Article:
Take two looks at the apostle Peter and his fears. On the night Jesus was betrayed he had challenged Peter three times to watch and pray that he might not enter into temptation. But, Peter was sleepy and each time he tried to pray he kept falling asleep. No wonder later that evening when he had followed at a distance to the home of the high priest where Jesus was to be tried, he failed the test when someone suggested he was one of Jesus disciples. The promise he had made to Jesus that he would never deny him was quickly forgotten. He denied the master. He repented of the failure and the Lord forgave him. Jesus quickly pushed Peter back to the forefront as a leader of the disciples. If you could have seen Peter that night at the high priest home you would never have imagined what would happen a few months later in the temple.

He and John had healed a man as they entered the temple. The crowds gathered around them and the high priest had them arrested. The religious leaders who had so frightened him earlier were now asking him by what power or authority he had healed the cripple man, how would you expect Peter to react? He certainly surprised the religious leaders when he said, “If we today are being examined for the good deed done to the innocent man, then let it be known to you that by the name of Jesus Christ of Nazareth, whom you crucified and whom God raised from the dead, even by him does this man stand before you healthy. Nor is there salvation in any other, for there is no other name under heaven given among men by which you can be saved.” (Acts 4:10-12)

What changed between these two events in Peter’s life? Jesus died and was buried but three days later was raised from the dead, triumphant over death and the devil. Peter saw what the devil could do through these men. He also saw the limit of what they could do. They could kill Jesus but they couldn’t keep him in the grave. They couldn’t stop him from being the king of kings and Lord of Lords, reigning at the right hand of the Father on David’s throne. Why be afraid of men who have no more power than what they did?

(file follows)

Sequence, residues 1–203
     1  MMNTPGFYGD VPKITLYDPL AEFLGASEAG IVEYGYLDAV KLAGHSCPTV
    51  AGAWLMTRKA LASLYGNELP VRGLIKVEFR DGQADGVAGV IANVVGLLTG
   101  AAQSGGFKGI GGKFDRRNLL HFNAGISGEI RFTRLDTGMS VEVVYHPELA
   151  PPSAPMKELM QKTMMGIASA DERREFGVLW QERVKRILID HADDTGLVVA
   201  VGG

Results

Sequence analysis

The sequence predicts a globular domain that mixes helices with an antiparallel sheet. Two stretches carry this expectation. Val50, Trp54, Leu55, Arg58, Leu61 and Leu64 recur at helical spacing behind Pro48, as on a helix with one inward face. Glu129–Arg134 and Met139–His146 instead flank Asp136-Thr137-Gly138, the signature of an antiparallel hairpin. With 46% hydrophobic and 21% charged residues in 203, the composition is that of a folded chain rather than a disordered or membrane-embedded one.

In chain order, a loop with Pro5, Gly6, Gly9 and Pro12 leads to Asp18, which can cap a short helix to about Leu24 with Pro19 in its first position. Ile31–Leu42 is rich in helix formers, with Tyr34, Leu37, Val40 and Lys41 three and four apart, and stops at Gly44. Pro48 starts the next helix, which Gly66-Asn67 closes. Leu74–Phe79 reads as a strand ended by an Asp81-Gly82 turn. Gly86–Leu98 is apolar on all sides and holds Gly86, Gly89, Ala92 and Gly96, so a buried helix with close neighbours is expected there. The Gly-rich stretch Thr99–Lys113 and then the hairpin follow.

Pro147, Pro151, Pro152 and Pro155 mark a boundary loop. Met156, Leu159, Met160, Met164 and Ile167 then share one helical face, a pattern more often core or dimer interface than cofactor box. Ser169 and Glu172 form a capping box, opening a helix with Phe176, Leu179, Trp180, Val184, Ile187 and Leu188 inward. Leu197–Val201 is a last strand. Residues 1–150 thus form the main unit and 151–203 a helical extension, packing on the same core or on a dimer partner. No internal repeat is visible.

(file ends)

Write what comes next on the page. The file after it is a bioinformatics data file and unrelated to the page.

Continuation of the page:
Fears can be conquered. They aren’t likely to ever go completely away. But they can be conquered. Faith in God and his power over Satan gives us power to continue to do what matters in the face of fear. John said that perfect love cast out fear. So growing in love will help drive our fears away. Fear can be conquered by pressing on to do the very things we are afraid of. Instead of allowing our fears to become crippling, turn the fears inside out by turning it into motivation. Fears rightly used can become energizing. It isn’t something to be denied or for us to pretend we know nothing about. It just isn’t something to allow to reign in your life.

By all means don’t allow your fears to run your life. Be more than conqueror by the power of the Lord.

About leoninlittlerock

Preaching minister for Central church of Christ in Little Rock. Author of over 20 books including: When a Loved one Dies, Spiritual Development, Skid Marks on the Family Drive, Challenges in the church, To Know Christ and A Drink of Living Water.